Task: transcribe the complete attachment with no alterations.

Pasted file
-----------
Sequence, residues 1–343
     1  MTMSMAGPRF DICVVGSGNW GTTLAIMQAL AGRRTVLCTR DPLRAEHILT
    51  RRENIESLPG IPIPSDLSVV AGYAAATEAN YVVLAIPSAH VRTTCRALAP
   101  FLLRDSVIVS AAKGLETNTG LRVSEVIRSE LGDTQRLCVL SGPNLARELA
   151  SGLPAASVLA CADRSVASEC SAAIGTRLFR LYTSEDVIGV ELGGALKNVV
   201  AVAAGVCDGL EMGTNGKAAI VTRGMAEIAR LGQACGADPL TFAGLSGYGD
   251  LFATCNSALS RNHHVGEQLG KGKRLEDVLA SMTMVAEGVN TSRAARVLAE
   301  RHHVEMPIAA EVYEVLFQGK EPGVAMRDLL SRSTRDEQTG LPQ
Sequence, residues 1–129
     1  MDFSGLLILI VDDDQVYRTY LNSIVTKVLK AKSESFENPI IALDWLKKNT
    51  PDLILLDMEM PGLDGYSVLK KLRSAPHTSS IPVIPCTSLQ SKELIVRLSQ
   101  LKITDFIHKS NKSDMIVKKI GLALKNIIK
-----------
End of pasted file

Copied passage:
Sequence, residues 1–343
     1  MTMSMAGPRF DICVVGSGNW GTTLAIMQAL AGRRTVLCTR DPLRAEHILT
    51  RRENIESLPG IPIPSDLSVV AGYAAATEAN YVVLAIPSAH VRTTCRALAP
   101  FLLRDSVIVS AAKGLETNTG LRVSEVIRSE LGDTQRLCVL SGPNLARELA
   151  SGLPAASVLA CADRSVASEC SAAIGTRLFR LYTSEDVIGV ELGGALKNVV
   201  AVAAGVCDGL EMGTNGKAAI VTRGMAEIAR LGQACGADPL TFAGLSGYGD
   251  LFATCNSALS RNHHVGEQLG KGKRLEDVLA SMTMVAEGVN TSRAARVLAE
   301  RHHVEMPIAA EVYEVLFQGK EPGVAMRDLL SRSTRDEQTG LPQ
Sequence, residues 1–129
     1  MDFSGLLILI VDDDQVYRTY LNSIVTKVLK AKSESFENPI IALDWLKKNT
    51  PDLILLDMEM PGLDGYSVLK KLRSAPHTSS IPVIPCTSLQ SKELIVRLSQ
   101  LKITDFIHKS NKSDMIVKKI GLALKNIIK